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Wednesday, 2 February, 2000, 17:17 GMT
Doctors hail transplant first

Surgery Pioneering surgery was carried out at King's College Hospital


The world's first combined liver and bone marrow transplant has been successfully performed by doctors and surgeons at London's King's College Hospital.

Doctors are confident the technique used could also help patients with many other diseases.

18-year-old Hugo Hennessy, from Belfast, underwent surgery in November 1998 after waiting several years for a suitable donor.

Another three months and his condition would have been inoperable.


I was ill, exhausted, scared, in pain and slowly dying. Today I can lead a virtually normal life again
Hugo Hennessy
But doctors have now confirmed that he has been cured of the condition CD40 Ligand Deficiency, which kills three quarters of sufferers by the age of 20.

The disease is an hereditary blood disorder that stops the human immune system fighting infection.

This leads to chronic infection, high blood pressure, vomiting blood, stomach swelling, liver disease and ultimately death.

Hugo's brother Conor died from the disease in 1983 and Hugo lived with his seriously worsening condition throughout his childhood and teenage years.

The only treatment for the condition is a bone marrow transplant (BMT) to wipe out the infected blood.

However, most patients will be experiencing liver disease as well.

In order to carry out BMT the patient must undergo a course of chemotherapy, which damages the liver further.

A healthy liver is crucial for the BMT to be successful.

Doctors at King's called in specialists from all over Europe for a special conference at the hospital to try to find a way to combine the two transplants.

Crucially, the doctors had to decide how quickly to transplant the bone marrow after the liver.

Too early and the liver might be rejected; too late and the disease could have set in again.

New "mini" chemotherapy


He has lived with immense pain and discomfort for many years and his bravery throughout was very important to his recovery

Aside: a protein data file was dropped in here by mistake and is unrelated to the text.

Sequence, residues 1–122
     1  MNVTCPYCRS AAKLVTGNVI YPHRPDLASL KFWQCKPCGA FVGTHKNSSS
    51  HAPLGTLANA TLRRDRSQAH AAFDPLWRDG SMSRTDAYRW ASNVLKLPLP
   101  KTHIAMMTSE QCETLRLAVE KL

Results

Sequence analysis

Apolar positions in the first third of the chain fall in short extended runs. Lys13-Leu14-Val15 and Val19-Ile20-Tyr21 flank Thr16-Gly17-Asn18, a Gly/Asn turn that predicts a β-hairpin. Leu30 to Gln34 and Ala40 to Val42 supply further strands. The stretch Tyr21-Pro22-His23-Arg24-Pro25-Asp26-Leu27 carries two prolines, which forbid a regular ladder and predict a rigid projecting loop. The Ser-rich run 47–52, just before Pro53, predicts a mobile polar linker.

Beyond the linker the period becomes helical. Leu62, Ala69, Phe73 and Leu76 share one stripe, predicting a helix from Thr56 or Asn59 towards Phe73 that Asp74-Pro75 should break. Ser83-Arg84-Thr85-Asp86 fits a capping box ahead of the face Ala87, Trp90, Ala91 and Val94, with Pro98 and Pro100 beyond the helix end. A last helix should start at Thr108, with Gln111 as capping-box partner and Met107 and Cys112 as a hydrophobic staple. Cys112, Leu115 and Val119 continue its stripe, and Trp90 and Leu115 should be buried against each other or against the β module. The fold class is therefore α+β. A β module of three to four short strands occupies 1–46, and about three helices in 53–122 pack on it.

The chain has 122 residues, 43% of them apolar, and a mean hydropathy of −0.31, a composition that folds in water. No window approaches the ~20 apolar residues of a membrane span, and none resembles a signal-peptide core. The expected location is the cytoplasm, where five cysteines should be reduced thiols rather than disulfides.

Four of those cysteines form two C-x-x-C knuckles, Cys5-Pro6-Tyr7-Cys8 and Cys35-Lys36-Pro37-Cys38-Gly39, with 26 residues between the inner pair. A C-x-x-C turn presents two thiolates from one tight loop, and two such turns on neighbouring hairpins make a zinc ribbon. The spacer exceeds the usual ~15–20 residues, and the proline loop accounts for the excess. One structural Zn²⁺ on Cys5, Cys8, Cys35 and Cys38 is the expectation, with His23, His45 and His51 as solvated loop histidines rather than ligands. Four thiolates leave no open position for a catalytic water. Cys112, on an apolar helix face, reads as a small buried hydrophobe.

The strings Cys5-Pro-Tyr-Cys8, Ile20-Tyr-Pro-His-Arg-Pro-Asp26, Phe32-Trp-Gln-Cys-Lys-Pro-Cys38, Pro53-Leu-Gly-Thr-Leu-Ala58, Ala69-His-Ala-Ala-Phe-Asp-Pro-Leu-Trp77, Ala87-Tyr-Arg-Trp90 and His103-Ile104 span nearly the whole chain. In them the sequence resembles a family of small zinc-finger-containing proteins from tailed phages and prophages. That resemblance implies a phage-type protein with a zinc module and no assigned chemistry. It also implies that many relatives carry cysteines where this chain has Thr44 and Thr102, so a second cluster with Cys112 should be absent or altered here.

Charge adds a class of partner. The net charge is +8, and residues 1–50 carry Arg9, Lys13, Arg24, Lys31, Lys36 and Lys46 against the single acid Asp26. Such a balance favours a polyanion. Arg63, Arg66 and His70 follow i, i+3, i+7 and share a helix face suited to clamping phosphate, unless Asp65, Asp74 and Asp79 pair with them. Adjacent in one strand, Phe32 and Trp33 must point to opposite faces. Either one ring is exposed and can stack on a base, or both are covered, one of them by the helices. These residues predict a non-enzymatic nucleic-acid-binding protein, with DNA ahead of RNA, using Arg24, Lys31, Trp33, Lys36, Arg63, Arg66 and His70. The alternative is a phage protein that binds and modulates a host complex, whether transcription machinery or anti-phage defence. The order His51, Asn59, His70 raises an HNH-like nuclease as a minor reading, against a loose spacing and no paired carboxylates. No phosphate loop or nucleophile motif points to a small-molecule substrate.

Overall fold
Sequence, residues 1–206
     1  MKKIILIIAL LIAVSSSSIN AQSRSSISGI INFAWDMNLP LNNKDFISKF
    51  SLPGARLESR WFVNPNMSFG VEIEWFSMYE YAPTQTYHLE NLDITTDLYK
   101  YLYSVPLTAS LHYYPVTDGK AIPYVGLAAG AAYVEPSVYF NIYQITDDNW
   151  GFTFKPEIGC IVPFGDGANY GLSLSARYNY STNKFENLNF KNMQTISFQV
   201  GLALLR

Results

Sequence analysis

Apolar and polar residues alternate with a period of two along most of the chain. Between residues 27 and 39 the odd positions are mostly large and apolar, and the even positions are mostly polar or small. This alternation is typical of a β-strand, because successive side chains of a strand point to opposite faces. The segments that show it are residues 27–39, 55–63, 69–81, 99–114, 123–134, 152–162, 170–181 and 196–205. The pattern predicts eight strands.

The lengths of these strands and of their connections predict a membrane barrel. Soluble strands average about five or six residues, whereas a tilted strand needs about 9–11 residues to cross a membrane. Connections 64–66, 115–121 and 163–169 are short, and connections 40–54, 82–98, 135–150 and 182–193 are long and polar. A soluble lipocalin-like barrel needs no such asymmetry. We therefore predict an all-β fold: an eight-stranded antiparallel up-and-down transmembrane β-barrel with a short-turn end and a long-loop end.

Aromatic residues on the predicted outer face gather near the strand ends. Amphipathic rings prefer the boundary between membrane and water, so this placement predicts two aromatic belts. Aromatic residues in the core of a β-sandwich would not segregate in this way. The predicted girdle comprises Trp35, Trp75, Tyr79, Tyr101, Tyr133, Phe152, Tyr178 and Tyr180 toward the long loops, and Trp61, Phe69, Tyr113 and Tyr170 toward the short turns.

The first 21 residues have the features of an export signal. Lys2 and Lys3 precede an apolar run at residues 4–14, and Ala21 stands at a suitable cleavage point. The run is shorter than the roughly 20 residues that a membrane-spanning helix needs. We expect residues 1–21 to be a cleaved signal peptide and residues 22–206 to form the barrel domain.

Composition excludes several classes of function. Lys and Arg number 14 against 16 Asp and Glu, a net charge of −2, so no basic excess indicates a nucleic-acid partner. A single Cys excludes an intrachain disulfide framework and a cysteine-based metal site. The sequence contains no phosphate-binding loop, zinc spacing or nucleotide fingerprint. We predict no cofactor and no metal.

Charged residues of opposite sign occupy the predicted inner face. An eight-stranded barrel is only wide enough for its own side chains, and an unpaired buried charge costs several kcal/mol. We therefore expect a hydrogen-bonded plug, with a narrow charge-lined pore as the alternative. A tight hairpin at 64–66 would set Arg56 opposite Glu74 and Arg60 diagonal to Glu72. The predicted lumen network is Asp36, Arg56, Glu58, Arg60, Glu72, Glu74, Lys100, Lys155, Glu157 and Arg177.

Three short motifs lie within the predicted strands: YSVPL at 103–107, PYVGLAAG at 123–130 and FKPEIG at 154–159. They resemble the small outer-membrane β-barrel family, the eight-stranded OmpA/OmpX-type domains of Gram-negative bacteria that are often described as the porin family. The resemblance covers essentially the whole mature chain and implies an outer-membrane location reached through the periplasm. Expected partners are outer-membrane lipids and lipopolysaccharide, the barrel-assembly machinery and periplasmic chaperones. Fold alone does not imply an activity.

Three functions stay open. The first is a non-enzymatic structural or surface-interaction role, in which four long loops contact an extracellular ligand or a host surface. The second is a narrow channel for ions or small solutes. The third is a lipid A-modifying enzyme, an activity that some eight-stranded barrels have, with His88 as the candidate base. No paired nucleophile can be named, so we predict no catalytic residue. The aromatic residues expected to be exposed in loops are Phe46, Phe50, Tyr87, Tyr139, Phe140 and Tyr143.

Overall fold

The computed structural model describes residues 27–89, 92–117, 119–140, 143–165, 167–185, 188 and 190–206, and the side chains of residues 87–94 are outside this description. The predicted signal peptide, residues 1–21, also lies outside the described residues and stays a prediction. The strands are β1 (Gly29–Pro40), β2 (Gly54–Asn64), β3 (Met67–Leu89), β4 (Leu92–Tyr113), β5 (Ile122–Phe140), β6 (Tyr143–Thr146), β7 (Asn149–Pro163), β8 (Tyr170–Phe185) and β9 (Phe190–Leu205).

Dr Dino Hadzic
The teams at King's College Hospital used a new form of chemotherapy that does not harm the liver but is sufficiently powerful to permit BMT.

This form of "mini" chemotherapy has never been used in this way before to achieve these results.

It allowed doctors first to transplant the Hugo's diseased liver, and then apply chemotherapy which would allow the new bone marrow to take.

Hugo is now 19 and has made a good recovery. He can now lead a normal healthy life as a young man.

In a statement, he said: "The operations at King's have literally given me a new life.

"As my condition got worse it became increasingly difficult to lead a normal life.

"I was ill, exhausted, scared, in pain and slowly dying. Today I can lead a virtually normal life again."

Dr Dino Hadzic, consultant in children's liver disease at King's, said: "We are absolutely thrilled to see Hugo so well today.

"He has lived with immense pain and discomfort for many years and his bravery throughout was very important to his recovery."

The revolutionary procedure can now give hope to the 50 other UK patients with the condition.

The new concept of the "mini" chemotherapy also opens up many possibilities for treating patients with other conditions for whom a full course of chemotherapy would have been too dangerous.

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See also:
19 Feb 99 |  Health
Liver and kidney transplant is world first
28 Feb 99 |  Health
Transplant first in Japan
13 May 99 |  Health
Liver transplant for Jehovah's witness
23 Sep 99 |  Health
Hope for bone marrow transplant children

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